Friday 21 January 2011

I told you so

I know it’s wrong to gloat but I can’t help myself.

I told you about Stock Market Direct, I honestly did.

In late 2009 the Botswana Stock Exchange issued a statement warning the public that Stock Market Direct wasn’t authorised to trade on our local stock market. SMD then responded by pointing out that this didn’t matter, they only helped people to trade on the Johannesburg Stock Exchange.

Then we did some digging and began to understand what it was they were actually offering. That was firstly little more than helping people to open online trading accounts with genuine South African brokers, the ones that actually do the work and secondly, providing their customers with the information they need to decide what to buy and sell. However this too is not something that SMD themselves do, they just acquired the information from a legitimate South African provider and charge extra on top.

OK, you might think that’s worth the extra money, despite it being measured in thousands of Pula. What concerned me more were the signs of deception. Their web site still claims that the
“company has been operating for several years with offices in Johannesburg, Mbabane, Maseru, Windhoek, and now Gaborone.”
Not true. Not even slightly. There is no trace of the company in any country other than Botswana. They’re certainly not registered as a company in South Africa, I know, I’ve checked. Nor is there any trace of them in Swaziland, Lesotho or Namibia.

We’ve continued to warn readers about them since 2009 but most recently things became much more serious. A reader got in touch alleging that after he attended one of their presentations he decided to sign up and offered them a cheque on the spot but this wasn’t what they wanted. They wanted cash. What’s more they wanted the reader to pay cash into the personal bank account of one of the presenters.

Unfortunately our reader must have been excited and caught up in the moment because that’s what he did. You think he’s making this up? I’ve got a copy of the deposit slip.

Now you know, I know and now the reader knows that this is extremely suspicious.

So I called the people at SMD to find out what could be done. That’s when I heard the story that made it into the papers last week. Tony Samuels, the Director of Stock Market Direct, the guy who stood me up when we were due to meet, never responded to my emails, phone calls or text messages had left town and was on the run from the cops. According to what I was told by his former colleagues several million Pula of investors’ money has gone missing and was last seen heading south with Samuels.

The people left at SMD claimed they were suspicious all along but, well, they would say that wouldn’t they now that the cops are asking awkward questions.

The unfortunate fact is that our reader’s money has gone and isn’t likely to come back.

Getting this money back is going to be challenging because I have another suspicion about Tony Samuels. I suspect that he might not actually exist. I can find no trace of anyone called Tony or Antonio Samuels before he arrived in Botswana to steal investors’ money.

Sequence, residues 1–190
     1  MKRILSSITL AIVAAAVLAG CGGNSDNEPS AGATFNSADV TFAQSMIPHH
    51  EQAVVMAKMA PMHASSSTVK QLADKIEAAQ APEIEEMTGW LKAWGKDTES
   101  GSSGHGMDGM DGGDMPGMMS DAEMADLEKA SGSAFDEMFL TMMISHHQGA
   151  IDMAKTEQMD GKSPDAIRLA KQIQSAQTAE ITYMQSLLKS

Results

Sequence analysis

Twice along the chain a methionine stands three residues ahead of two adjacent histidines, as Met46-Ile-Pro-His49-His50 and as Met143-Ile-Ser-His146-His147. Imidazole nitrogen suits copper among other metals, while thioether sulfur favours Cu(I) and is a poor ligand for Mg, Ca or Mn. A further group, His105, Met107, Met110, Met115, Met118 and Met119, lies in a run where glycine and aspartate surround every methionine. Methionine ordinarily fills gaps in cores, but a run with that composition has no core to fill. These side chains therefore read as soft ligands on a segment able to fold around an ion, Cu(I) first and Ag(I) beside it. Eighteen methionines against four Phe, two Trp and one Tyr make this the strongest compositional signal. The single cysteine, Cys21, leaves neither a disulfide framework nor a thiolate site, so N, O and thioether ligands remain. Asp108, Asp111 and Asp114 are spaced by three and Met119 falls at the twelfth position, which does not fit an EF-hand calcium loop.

Yes, there is a man who was associated with SMD whose picture is still available on their web site but I wonder whether he was ever a South African citizen called “Tony Samuels” or “Antonio Samuels”. Here’s a challenge for anyone who knew him or worked with him. Did you ever actually see his passport, ID or driving licence?

So is there a lesson in this? Well, there’s an obvious one: not to trust total strangers with large quantities of your cash. According to one news report one investor gave “Samuels” P600,000 to invest on his behalf. I don’t know what sort of person has that sort of cash lying around that they can just give it to the first jerk in a flash suit who asks for it but clearly it’s someone who shouldn’t be allowed out without his mother.

The other lesson is that anyone with a bit of common sense, a little knowledge of how to trace people and some curiosity can find out enough about a company to know it’s not worth trusting. Over the last 14 months I’ve probably spent no more than a few hours researching Stock Market Direct but found out enough to say that I personally wouldn’t trust them with my money and I would suggest the same to any friend or relative.

If I can do this then you can too, it doesn’t take much effort or skill. Even if it does take a bit of effort and diligence don’t you think it’s worth it when you’re considering giving away lots of your hard-earned money?

One last thing. This is personal I’m afraid. In a report in a newspaper last week one of the few remaining people at Stock Market Direct didn’t take kindly to my criticism of the company. She said “He knows nothing and should say nothing” and “He should have done something before dismissing us”. Well dear, I DO know something and I DID do something about your company and it’s strange and deceptive ways. I told everyone, here in Mmegi. I guess that’s what has upset you.


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